• I don’t know anyone personally who experiences them as the same, and I certainly do not. Ditto orgasms caused by other stimuli: breast/nipple, anal, feet, and orgasms caused by dreams without physical stimulus. All have distinct sensations in different parts of our anatomy.

      Since findings have gone both ways since this has been studied, I expect findings will continue to oscillate for a decade at least. I sure am tired of being told my subjective experiences are objectively “incorrect” or “the same”.

      I’m guessing the differences can be chalked up to neurology, which of course varies fairly drastically from person to person.

      Posted by Lynn Barthol | January 29, 2015, 10:22 am
  9. Dr Jen thank you for the objective well organized information. I am a physician and avid orgasm enthusiast. I have met a few women over the years who “squirt” with orgasm. Several of these women were Tantra practitioners (see amrita). I did find it interesting how sweet the ejected urine was despite no history of diabetes. I am unaware of any ducts joining the short female urethra only the Skene’s ducts near the meatus. An interesting follow up study would be to measure serum & urine glucose levels in squirters or to determine if the sympathetic autonomic response of orgasm causes a transient hyperglycemic state. Elevated GFR with vigorus sex could account for the rapid filling of the bladder. In any case, my sexual partners who “ejaculate” do seem to be having very intense orgasms with the associated involuntary pelvic floor muscular contractions. Thanks again for your rational discussion and approach.

    Posted by Brian Williams | August 22, 2015, 11:56 am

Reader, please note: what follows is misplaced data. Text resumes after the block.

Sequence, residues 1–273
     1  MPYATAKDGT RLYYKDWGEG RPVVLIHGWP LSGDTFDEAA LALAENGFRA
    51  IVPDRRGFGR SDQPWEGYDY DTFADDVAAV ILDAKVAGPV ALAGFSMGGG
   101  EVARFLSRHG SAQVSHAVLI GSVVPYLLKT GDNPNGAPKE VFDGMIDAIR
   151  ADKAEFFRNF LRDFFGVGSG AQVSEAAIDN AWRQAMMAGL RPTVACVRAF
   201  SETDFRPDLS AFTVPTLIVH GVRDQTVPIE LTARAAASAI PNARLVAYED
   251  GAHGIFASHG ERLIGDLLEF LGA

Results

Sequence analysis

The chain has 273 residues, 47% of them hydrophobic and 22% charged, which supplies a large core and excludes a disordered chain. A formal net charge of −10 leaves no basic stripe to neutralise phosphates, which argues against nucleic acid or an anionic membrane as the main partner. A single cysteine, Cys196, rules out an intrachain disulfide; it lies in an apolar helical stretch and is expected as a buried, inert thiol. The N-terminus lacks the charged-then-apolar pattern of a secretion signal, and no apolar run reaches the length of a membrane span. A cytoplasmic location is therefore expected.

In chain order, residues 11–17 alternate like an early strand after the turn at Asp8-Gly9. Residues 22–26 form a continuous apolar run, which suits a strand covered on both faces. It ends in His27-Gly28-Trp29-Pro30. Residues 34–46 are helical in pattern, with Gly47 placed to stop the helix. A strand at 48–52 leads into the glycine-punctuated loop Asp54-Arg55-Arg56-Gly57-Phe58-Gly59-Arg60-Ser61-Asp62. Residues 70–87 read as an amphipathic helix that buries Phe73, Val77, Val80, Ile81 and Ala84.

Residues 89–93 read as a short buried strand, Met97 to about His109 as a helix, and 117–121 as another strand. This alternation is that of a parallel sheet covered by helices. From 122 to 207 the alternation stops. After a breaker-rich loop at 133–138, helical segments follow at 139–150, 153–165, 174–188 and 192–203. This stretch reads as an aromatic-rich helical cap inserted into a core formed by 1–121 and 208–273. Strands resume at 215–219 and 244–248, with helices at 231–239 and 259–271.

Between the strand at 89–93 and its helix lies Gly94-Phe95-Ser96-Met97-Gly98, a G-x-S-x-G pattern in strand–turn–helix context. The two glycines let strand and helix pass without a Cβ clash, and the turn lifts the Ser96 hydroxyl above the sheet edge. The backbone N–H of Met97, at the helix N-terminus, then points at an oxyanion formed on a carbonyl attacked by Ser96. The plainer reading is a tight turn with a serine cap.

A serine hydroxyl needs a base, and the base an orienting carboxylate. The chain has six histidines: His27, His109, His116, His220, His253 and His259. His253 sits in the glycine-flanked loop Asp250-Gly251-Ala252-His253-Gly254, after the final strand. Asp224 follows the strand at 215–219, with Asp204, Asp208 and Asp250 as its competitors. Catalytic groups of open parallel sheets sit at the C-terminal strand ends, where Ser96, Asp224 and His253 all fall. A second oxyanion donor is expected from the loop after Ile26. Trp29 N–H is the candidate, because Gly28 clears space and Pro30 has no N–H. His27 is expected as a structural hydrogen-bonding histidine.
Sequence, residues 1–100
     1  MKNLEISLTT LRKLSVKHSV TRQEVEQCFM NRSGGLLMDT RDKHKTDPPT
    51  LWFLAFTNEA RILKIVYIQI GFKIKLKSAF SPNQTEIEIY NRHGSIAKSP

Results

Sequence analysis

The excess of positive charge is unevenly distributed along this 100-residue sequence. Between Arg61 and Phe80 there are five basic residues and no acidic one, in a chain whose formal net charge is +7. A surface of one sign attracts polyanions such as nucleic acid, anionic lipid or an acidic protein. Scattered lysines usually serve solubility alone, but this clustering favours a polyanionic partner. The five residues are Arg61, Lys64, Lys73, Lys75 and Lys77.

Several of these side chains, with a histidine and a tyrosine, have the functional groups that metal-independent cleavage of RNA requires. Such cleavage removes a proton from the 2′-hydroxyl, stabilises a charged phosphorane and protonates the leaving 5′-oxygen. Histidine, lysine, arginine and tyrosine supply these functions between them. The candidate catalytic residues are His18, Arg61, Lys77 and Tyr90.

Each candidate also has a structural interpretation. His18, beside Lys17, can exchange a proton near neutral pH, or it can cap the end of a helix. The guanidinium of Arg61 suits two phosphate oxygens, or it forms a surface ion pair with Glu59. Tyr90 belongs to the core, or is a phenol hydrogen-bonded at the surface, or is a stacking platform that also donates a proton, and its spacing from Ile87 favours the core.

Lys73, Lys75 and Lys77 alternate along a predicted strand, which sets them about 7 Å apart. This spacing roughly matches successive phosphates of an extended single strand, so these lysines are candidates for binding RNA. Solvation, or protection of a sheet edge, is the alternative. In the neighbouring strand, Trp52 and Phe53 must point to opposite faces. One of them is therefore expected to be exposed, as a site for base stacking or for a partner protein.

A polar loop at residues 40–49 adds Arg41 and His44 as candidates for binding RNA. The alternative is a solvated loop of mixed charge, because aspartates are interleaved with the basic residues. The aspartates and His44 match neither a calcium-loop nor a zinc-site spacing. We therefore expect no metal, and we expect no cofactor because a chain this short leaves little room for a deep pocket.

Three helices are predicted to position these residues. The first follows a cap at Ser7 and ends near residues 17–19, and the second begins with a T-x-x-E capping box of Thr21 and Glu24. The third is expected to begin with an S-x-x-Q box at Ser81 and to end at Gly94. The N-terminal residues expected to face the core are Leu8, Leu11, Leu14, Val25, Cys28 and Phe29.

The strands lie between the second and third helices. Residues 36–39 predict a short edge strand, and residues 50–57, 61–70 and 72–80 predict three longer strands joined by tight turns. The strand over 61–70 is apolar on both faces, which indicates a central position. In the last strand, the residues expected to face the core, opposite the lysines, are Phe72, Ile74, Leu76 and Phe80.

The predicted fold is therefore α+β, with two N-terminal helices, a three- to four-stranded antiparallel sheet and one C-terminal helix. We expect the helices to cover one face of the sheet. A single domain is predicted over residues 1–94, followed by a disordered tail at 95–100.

10. Great. It’s urine. Well that stinks. Not literally. It actually smells like nothing and has different flavors, just like male ejaculate. But I was hoping it wasn’t urine.

    Posted by andshewasandstillis | September 5, 2015, 3:11 pm
    • Well now that I know this I won’t let my buddy make me “squirt” anymore. Actually now I’m very embarrassed. Maybe I should send him these findings and never talk to him again. All this time I thought I was doing something else. Some part of me was unsure, which is why I looked this up.

      Posted by noMoreSexForMe | October 7, 2015, 11:25 am
      • It’s sort of urine. It’s fluid produced by the kidneys by quickly filtering blood, but urine is only produced as a waste product and has no other function. ‘Ejaculate’ is an end-product produced during sex to lubricate, to flush out the urethra and to spread pheromones. (Well, I imagine those are its functions. It may have others.)

        It may or may not even smell like pee. One of my boyfriends doesn’t wash his sheets after I’ve visited because they smell so strongly of sex — not pee! — that he gets a buzz.

        It doesn’t make sense to call it incontinence when it’s so clearly different from peeing or from leaking when you laugh. Sort of like breathing, laughing, talking, coughing, sneezing and yawning all involve expelling air from the lungs, but they aren’t the same thing.

        Posted by Alison Cummins | October 7, 2015, 11:55 am
      • Nomoresexforme, Alison Cummins’ reply is as great as her nickname. My wife squirts, and sometimes it does smell like urine. Most of the times it doesn’t, and sometimes it is outright delicious – the taste is very much like my own precum. But the fact that it is similar to urine chemically does not mean it can possibly be called “incontinence”: this would imply that women that squirt are uncapable of containing urine, when what they’re doing is actually the complete opposite. They are looking to squirt. How the fuck is that incontinence? As for “true female ejaculation”, it sounds not only stupid but inaccurate. To “ejaculate” is to “dart out”, and according to this rather clumsy attempt at separating Skene’s secretions from the content of squirt, the whitish, thick fluid that makes up female “ejaculation” is actually not expelled or darted out, but rather oozes out. Comparisons are as unclear as they are unnecessary, but a parallelism with males would be preseminal or Cowper’s fluid.